· HMS FEARLESS and HMS INTREPID would be retained in service for the foreseeable future

The 1981 defence review had discounted the possibility of out of area operations and thus the need for LPD’s. While it had not explicitly mentioned disposing of FEARLESS and INTREPID the implication of doing so in the near future was clear. With the government now wishing to retain the ability to carryout amphibious warfare the future of the LPD’s was now secure. Resources would be made available to overhaul these ships in order to extend their lives and to retain them in service for at least the next decade.



Destroyers

· The remaining COUNTY Class Destroyers would be decommissioned

The four remaining COUNTY Class destroyers were large ships that were expensive to run in terms of both money and manpower. During the Falklands Conflict the Sea Slug SAM which was the primary armament of these vessels had proven to be worse than useless. These ships were now judged to be obsolete and a drain on resources. HMS KENT, HMS FIFE and HMS GLAMORGAN would be decommissioned and disposed of via sale or scrap. HMS ANTRIM which had been heavily damaged in the Falklands had been rebuilt as a training and trials vessel and would be retained in service in this role for the foreseeable future. The time she would remain in service would depend upon the fate of her sisters as any of the other ships that were not sold overseas could be used to provide spare parts for ANTRIM and thus keeping her going for longer. The destroyed stern end of the superstructure which included the Sea Slug SAM system had been rebuilt into cadet accommodation. HMS ANTRIM would spend the rest of her days fulfilling the role of training ship for the cadets of the Dartmouth Naval College.

Regarding the TYPE 42 Destroyers the only decisions taken were to refit the entire class to carry the Phalanx CIWS system and not to procure another ship of the class to replace the lost HMS GLASGOW.



Frigates

· A Third Batch of TYPE 22 Frigates would be built to an updated design

At present there were four TYPE 22 Batch 1 frigates in service with the first three vessels of Batch 2 under construction. Three more Batch 2 vessels (HMS BLOODHOUND, HMS BRUISER and HMS BOADICEA) were already on order and due to begin construction in the next year. A third batch of six ships was to be procured to replace the ships five lost in the Falklands conflict (including HMS ANTRIM). These six ships would be built to a greatly improved design intended to incorporate the lessons learnt in the conflict. Whereas the earlier ships of the class were high end ASW escorts the third batch would be more large general purpose frigates while retaining their cutting edge ASW capability. The only major weapon system shared with their older sisters would be the pair of six cell Seawolf launchers. The Exocet SSM’s would be replaced by the more capable Harpoon which would be positioned on the superstructure aft of the bridge. The space freed up on the foredeck would be used to accommodate a 4.5 inch naval gun to give the ships NGS capability. Finally, the ships would be fitted with the Goalkeeper CWIS.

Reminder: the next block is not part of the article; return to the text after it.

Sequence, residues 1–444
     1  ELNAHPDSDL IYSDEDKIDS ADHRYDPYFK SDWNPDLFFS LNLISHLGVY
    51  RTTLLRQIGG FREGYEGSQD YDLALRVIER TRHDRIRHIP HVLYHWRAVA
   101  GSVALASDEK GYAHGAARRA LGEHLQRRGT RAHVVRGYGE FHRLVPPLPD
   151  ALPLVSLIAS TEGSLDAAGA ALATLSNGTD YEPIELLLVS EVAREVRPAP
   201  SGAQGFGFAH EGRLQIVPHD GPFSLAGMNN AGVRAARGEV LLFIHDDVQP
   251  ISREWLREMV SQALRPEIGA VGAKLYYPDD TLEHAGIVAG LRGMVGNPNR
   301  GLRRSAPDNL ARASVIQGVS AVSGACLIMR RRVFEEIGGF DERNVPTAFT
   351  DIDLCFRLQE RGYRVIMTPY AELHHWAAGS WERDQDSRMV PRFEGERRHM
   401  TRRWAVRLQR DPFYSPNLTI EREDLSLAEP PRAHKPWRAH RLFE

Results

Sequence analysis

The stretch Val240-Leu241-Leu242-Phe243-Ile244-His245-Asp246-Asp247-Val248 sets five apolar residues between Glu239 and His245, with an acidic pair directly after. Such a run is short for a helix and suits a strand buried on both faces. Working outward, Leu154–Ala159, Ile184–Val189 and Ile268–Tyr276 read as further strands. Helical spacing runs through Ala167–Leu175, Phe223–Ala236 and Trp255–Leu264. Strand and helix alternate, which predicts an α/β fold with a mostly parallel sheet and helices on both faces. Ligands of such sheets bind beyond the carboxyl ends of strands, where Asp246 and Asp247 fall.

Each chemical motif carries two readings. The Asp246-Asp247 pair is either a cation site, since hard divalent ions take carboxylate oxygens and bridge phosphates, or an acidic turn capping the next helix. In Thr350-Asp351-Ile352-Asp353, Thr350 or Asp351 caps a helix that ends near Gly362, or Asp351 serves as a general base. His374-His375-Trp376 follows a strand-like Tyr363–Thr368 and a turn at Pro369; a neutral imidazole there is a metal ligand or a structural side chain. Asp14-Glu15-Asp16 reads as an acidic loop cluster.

· The ten remaining 4.5 inch gun turret equipped LEANDER Class Frigates would be refitted to carry the Sea Wold SAM System.

In their current configuration the only missiles systems carried by these 10 ships was the Sea Cat which was now hopelessly obsolete and was to be phased out across the fleet. There was little place in the modern world for escorts equipped only with guns and subsonic missiles. However, the RN couldn’t afford to weaken itself by disposing of these 10 frigates. Therefore, to keep these ships relevant in the modern age they would have their twin 4.5 inch gun turret removed and replaced with a six cell Seawolf launcher. This would involve each ship being given deep refits to equip them with the modern computer systems and sensors necessary for operating the cutting edge Seawolf. While this would not be cheap the RN felt that it had no choice. The ships to be refitted were to be HMS ACHILLES, HMS DIOMEDE, HMS JUNO, HMS ANDROMEDA, HMS HERMIONE, HMS JUPITER, HMS APOLLO, HMS SCYLLA, HMS ARIADNE and HMS CHARYBDIS.

· The Sea Cat missile system was to be phased out

Sea Cat had proven itself to be hopeless as a point defence system when faced with fast moving threats. Therefore the system was to be removed from service and replaced with either modern CWIS such as the Phalanx or Goalkeeper or by conventional gun mounts such as the 20mm mounts which were to be fitted to the Ikara and Exocet carrying LEANDER Class Frigates.